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1175 rhino were poached in 2015 in South AfricaGovernment is in a race against time to pronounce its stance on the legalisation of rhino horn trade.

The deadline for proposals for the 17th Conference of Parties to the Convention on International Trade in Endangered Species of Wild Fauna and Flora (CITES) is set for April this year.

South Africa, as this year's conference host, faces the largest recorded rhino poaching incidents worldwide.

A total of 1175 rhino were poached in 2015.

World rhino populations have been at risk since the early 1960s due to rising incidents of poaching and the increased demand for rhino horn in Asia.

With approximately 75% of the world's rhino population, South Africa moved to ban trade in rhino horn in 2009.

This came as poaching levels escalated and many feared that local trade was delivering poached horns to international trafficking networks.

However, recent opposition to the ban and government's insistence on upholding it, have left much speculation ahead of the CITES conference.

The South African government faces a mammoth task petitioning the Supreme Court of Appeal to overturn the rhino horn moratorium judgment passed by the Pretoria High Court.

Government is also preparing to outline its stance on the matter at the upcoming conference.

Spokesperson for the Department of Environmental Affairs, Albi Modise says, "The interministerial committee will soon meet to consider the report of the committee."

"They will engage with that particular report and will formulate a process as well as recommendations for cabinets approval because remember the committee was entrusted with the responsibility of engaging with a number of stakeholders across the country to look at all the pros and cons and to listen to all sides and then coming out of that particular process to comply a report to the interministrerial committee which will meet soon so the next legislation for cabinet to engage the report."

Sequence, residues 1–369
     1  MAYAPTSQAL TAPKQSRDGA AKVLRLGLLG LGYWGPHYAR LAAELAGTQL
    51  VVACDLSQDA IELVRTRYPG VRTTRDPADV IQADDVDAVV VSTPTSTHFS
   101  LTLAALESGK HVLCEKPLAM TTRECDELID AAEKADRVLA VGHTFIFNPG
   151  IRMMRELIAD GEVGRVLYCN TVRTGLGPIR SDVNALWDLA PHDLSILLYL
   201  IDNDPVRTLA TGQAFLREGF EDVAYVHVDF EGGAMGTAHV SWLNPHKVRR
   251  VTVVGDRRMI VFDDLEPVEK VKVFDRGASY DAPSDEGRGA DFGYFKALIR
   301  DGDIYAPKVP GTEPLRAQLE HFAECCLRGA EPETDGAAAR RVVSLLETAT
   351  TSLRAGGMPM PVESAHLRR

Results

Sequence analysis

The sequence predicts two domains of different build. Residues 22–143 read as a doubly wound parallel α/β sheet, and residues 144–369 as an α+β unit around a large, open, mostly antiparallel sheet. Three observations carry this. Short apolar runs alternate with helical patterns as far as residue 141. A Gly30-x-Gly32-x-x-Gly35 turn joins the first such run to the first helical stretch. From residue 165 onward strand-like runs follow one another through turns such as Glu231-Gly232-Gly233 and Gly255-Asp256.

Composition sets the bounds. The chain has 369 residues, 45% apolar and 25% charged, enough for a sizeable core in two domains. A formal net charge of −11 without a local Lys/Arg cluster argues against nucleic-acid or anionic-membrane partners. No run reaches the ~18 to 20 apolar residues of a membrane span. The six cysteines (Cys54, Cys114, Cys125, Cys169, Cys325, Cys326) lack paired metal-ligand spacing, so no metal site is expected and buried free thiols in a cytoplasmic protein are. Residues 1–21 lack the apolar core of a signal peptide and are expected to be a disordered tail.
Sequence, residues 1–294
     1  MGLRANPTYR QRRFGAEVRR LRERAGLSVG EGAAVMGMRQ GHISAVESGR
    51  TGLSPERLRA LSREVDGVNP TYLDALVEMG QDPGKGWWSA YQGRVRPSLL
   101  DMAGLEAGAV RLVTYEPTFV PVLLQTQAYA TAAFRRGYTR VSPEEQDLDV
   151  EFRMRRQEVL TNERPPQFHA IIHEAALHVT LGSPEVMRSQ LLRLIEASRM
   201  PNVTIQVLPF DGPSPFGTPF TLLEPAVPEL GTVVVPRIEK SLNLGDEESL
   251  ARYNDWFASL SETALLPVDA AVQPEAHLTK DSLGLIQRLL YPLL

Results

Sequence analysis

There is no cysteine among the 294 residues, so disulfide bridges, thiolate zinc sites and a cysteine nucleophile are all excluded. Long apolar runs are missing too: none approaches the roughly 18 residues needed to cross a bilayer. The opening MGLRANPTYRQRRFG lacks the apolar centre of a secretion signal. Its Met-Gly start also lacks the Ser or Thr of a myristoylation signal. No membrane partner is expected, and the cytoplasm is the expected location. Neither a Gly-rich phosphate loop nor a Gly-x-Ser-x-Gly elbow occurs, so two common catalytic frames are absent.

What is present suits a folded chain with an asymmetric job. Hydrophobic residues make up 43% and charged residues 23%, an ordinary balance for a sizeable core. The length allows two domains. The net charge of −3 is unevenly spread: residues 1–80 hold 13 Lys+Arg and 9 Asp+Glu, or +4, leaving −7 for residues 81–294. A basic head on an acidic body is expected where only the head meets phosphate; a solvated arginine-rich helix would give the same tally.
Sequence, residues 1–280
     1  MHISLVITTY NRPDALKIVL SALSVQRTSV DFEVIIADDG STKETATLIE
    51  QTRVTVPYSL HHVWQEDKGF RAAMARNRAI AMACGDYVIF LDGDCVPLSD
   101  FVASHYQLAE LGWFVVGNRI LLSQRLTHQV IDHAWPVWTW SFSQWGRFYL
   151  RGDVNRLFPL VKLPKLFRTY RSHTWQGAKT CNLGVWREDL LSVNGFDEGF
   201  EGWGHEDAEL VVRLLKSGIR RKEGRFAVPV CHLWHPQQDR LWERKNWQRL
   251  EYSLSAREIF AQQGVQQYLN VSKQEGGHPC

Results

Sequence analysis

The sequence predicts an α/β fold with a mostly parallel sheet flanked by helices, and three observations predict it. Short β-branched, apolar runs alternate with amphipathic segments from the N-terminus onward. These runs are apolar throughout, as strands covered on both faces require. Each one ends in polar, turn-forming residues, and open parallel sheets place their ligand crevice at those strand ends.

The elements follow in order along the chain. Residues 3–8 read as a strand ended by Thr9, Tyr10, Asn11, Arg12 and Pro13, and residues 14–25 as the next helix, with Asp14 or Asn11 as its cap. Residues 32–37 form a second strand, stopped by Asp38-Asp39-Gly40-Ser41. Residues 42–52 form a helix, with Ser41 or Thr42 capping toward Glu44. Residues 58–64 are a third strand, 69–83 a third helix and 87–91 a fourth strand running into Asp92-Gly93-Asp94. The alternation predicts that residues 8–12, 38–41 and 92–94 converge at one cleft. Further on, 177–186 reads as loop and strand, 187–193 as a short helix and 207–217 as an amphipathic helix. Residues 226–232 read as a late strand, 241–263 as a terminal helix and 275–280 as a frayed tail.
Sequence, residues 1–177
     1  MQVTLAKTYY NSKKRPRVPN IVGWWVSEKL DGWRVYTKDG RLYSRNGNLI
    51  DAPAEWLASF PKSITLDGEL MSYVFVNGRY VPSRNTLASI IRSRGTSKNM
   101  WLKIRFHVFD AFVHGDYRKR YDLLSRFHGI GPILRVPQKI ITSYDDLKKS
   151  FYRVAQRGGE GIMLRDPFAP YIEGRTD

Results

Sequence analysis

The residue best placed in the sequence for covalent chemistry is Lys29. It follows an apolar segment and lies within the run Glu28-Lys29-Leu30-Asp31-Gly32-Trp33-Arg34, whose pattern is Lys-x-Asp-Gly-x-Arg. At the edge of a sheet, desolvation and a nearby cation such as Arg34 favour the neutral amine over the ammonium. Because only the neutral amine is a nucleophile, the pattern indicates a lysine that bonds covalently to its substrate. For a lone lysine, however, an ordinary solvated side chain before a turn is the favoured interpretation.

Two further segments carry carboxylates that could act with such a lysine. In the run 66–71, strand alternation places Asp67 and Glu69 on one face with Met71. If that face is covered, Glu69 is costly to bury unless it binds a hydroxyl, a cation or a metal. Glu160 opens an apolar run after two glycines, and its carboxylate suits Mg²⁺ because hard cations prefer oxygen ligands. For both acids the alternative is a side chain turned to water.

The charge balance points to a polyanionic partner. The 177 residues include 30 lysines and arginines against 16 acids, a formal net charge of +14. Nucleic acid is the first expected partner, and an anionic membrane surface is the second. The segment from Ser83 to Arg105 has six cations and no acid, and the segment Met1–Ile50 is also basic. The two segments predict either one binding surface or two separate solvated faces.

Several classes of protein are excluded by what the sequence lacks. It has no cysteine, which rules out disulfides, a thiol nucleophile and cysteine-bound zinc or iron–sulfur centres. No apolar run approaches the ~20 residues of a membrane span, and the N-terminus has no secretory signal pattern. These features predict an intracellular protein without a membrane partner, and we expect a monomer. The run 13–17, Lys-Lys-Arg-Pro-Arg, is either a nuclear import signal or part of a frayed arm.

At the moment South Africa and Swaziland are allowed to export hunting trophies of rhino


Private rhino breeder John Hume has rhino horn stockpiles of over 4 000 kilograms and has invested over a billion rand housing and protecting over 1 200 rhino. He is spear-heading the battle for the legal trade in rhino horn.

"We only went to court because the government said go away we are not going to lift the moratorium. We believe we should be working with the government towards persuading people who are going to vote at CITES that South Africa can look after its rhino, it can breed more rhino but we need to reward the people, hopefully the communities who breed rhino. We need to reward the people who breed rhino."

Rhino horn is more expensive than platinum and gold. It is anticipated that trade in rhino horn will bring in huge foreign income, significant profits for farmers and greater job creation.

Chair of the Private Rhino Owners Association, Pelham Jones says, We have to look at economic yield to allow south Africa to have a successful application to CITES in 2016 allowing for legalized trade. We in South Africa, together with our neighbours in Namibia, Zimbabwe and going up North, Uganda, Tanzania, Kenya, all those countries have substantive stock piles of rhino horn.”

International trade in rhino horn was banned by CITES in the 1970s.

The CITES Secretariat in Geneva, Switzerland, David Morgan says, “At the moment South Africa and Swaziland are allowed to export hunting trophies of rhino and also light specimens of rhino to acceptable destinations but there is no general trade in rhino horn allowed at the moment; now next September that might or might not change depending on how the parties vote.”

According to CITES, a country that seeks to motivate in support of the trade in rhino horn will need to present supporting documents justifying their decision.

This will be in terms of the impacts on the conservation of the species and the likely trade that will be permitted.

The wildlife conservation regulator says it will require the vote of a two-thirds majority of the 181 CITES member countries for the international ban to be lifted.


Originally Published by SABC News

Article by Sentleeng Lehihi


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